Aims: To identify the health-related quality of life (HRQOL) questionnaires employed by the physicians and surgeons who manage patients with head and neck cancer. Also, to gain an impression of the perceived difficulties and advantages of their use. Methods: A national survey was performed of active UK consultant clinicians on the mailing list of the British Association of Head and Neck Oncologists. Results: Of 267 questionnaires, there were 191 replies (71.5%) from clinical oncologists (40), ENT surgeons (53), general surgeon (1), oral and maxillofacial surgeons (59), and plastic surgeons (38). Fifty-five consultants (29%) used HRQOL questionnaires and the most popular questionnaire was the University of Washington Head and Neck Cancer (65%). Questionnaires were most likely to be used both before and after treatment (67%) and administered in clinic by either nursing staff or consultants. The main reasons for not using HRQOL questionnaires included lack of resources and proven value. Conclusions: Despite the vast amount of literature on the importance of HRQOL in head and neck cancer, this survey shows that there is still a substantial amount of work required before HRQOL measurement becomes an established part of routine practice.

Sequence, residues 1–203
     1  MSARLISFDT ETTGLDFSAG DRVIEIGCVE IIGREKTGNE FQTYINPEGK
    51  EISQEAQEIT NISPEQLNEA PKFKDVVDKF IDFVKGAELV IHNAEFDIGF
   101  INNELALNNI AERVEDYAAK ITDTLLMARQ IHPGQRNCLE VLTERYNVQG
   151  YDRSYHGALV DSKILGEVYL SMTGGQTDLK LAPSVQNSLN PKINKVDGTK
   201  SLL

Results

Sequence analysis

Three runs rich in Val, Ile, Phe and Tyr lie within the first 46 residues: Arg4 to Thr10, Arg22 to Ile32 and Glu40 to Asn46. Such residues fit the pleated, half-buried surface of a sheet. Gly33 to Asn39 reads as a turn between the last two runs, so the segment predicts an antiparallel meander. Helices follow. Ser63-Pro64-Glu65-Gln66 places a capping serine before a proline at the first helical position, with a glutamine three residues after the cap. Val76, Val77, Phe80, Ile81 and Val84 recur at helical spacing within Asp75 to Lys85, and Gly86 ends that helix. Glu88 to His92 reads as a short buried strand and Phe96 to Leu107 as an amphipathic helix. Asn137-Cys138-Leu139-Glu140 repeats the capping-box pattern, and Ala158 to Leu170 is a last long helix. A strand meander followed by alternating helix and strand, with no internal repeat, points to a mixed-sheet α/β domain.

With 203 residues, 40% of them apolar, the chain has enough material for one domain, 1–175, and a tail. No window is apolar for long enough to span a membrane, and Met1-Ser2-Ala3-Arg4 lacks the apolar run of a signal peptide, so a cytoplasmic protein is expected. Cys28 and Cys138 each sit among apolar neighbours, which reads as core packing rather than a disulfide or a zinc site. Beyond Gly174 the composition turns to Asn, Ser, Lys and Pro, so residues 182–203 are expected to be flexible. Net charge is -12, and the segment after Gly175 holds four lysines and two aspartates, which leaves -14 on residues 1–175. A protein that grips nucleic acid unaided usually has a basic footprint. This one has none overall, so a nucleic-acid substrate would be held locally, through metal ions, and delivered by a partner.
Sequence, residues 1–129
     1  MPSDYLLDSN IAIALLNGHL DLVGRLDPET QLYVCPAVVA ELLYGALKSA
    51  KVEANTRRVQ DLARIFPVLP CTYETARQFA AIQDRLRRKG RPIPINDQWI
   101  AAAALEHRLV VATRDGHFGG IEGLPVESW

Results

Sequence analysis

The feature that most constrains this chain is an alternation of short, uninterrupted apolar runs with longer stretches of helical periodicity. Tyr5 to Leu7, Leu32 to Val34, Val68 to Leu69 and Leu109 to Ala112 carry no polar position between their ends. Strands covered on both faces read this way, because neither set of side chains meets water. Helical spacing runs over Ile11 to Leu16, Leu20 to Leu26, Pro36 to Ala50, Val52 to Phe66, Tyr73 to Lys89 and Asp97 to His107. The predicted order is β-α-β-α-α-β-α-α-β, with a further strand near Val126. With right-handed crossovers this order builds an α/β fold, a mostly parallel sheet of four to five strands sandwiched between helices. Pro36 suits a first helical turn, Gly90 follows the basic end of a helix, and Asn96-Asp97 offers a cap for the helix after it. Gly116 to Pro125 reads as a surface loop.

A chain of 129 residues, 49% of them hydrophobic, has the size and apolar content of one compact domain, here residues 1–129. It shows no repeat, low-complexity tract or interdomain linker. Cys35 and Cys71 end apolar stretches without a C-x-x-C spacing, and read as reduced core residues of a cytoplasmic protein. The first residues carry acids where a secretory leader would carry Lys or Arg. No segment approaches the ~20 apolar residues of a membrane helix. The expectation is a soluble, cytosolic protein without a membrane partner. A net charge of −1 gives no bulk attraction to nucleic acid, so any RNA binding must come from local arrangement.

|Journal||Annals of the Royal College of Surgeons of England|
|Publication status||Published - Jan 2004|
Kanatas, A., & Rogers, S. (2004). A national survey of health-related quality of life questionnaires in head and neck oncology. Annals of the Royal College of Surgeons of England, 86(1), 6-10. https://doi.org/10.1308/003588404772614605